Of Hand Counts and Voting Machines

At this point, we cannot design a [fully verifiable electronic election system], nor can anyone else. Computer systems are so complicated, that there is no single person that understands everything about how they work.

David Dill

After taking a look at the 2004 election in Ohio and America’s history of dirty elections, we’re thinking of a couple more shows about elections in America. Up first: the way we mark and count our ballots.

Are digital voting machines the way to go? Digital Voting Machines are twenty years old now; why have they become so much more prevalent in the last two election cycles? Are they safer if they use an open software standard? Does a physical record ensure an accurate re-count? The national media has been focusing on national elections; do voting practices have an impact on local elections? Do we need better Federal guidelines on voting practices?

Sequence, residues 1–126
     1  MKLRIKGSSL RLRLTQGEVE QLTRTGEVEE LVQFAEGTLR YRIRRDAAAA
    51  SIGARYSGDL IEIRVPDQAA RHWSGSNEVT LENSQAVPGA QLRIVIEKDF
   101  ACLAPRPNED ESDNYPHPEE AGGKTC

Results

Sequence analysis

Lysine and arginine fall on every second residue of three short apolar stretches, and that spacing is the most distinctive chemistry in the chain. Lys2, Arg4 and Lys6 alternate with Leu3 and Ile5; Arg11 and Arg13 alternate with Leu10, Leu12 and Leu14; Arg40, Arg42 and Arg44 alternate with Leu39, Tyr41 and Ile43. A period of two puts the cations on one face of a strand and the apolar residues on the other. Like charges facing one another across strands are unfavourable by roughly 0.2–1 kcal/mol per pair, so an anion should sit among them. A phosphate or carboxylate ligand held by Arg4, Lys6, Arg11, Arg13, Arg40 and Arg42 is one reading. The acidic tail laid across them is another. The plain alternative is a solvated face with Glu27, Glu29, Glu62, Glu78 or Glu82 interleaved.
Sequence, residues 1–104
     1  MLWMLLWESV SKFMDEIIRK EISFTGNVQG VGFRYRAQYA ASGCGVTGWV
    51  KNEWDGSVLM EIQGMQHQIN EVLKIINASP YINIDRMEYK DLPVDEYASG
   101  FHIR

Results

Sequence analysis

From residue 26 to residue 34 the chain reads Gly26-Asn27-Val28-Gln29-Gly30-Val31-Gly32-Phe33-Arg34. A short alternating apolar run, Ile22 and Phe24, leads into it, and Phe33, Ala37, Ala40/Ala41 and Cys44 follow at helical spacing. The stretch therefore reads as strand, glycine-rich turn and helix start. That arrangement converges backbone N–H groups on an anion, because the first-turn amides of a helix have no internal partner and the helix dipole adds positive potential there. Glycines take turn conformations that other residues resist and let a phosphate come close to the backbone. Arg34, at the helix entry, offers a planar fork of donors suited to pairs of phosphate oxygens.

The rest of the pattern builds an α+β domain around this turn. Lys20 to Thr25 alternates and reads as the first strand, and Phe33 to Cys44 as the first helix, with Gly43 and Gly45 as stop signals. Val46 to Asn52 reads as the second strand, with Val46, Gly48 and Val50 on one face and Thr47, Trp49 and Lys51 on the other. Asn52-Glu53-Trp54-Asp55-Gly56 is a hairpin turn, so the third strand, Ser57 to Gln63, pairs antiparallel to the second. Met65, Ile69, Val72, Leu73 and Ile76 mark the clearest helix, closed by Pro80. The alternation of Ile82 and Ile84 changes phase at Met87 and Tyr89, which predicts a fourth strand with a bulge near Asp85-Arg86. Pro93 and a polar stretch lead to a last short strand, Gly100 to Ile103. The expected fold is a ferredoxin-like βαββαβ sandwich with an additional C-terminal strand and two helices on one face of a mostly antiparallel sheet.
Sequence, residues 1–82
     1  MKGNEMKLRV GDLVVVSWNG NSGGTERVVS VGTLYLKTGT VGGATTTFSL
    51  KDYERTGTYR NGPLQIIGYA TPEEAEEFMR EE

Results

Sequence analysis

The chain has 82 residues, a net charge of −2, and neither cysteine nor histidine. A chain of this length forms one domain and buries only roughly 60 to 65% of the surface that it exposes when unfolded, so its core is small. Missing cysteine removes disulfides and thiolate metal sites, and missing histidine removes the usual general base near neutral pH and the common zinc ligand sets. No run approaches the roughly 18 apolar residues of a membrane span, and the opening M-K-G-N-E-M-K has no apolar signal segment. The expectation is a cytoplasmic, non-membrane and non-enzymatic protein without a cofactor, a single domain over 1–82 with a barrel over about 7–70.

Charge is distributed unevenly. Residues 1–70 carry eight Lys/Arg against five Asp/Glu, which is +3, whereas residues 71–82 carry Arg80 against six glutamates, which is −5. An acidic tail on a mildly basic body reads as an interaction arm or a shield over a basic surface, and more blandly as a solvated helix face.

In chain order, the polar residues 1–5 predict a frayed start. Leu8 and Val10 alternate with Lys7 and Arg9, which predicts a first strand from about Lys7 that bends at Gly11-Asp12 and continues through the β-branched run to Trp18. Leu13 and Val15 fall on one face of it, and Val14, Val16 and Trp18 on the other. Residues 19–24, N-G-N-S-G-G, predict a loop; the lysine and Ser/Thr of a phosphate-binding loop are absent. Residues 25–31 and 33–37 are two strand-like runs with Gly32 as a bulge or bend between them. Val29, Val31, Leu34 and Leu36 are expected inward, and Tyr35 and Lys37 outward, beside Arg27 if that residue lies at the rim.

Andrew Gumbel

U.S. correspondent, Independent

Author, Steal This Vote

David Dill

Professor of Computer Science, Stanford University

Michael Shamos

Professor of Computer Science and Co-Director of the Insitute for eCommerce, Carnegie Mellon University

Gregory Luke

Associate, Strumwasser & Woocher LLP

Extra Credit Reading

Andrew Gumbel, The Coming Ballot Meltdown, The Nation, June 28, 2006.

Zachary Goldfarb, A Single Person Could Swing an Election, The Washington Post, June 28, 2006.

Dan Tokaji, Brennan Center Report on Voting Technology, Equal Vote Blog, June 27, 2006.

Steven Kreytak, Electronic voting lawsuit may be decided soon, Austin American Statesman, July 7, 2006.

Thad Van Ry, I voted electronically!, Woods Cross Citizen, June 27, 2006.

Tim Grieve, One hacker, a little wi-fi, … and an election victory can be yours, War Room, Salon, June 28, 2006.

Kelly Alvarez Mace, A Riverside County voting experience, Election Updates, November 5, 2005.

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